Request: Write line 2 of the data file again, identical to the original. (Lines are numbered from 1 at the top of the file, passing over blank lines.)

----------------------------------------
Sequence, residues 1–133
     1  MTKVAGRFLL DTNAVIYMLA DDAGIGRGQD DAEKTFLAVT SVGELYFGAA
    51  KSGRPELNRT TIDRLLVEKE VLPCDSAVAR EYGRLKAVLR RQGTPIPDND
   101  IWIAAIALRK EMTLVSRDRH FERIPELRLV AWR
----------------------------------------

     1  MTKVAGRFLL DTNAVIYMLA DDAGIGRGQD DAEKTFLAVT SVGELYFGAA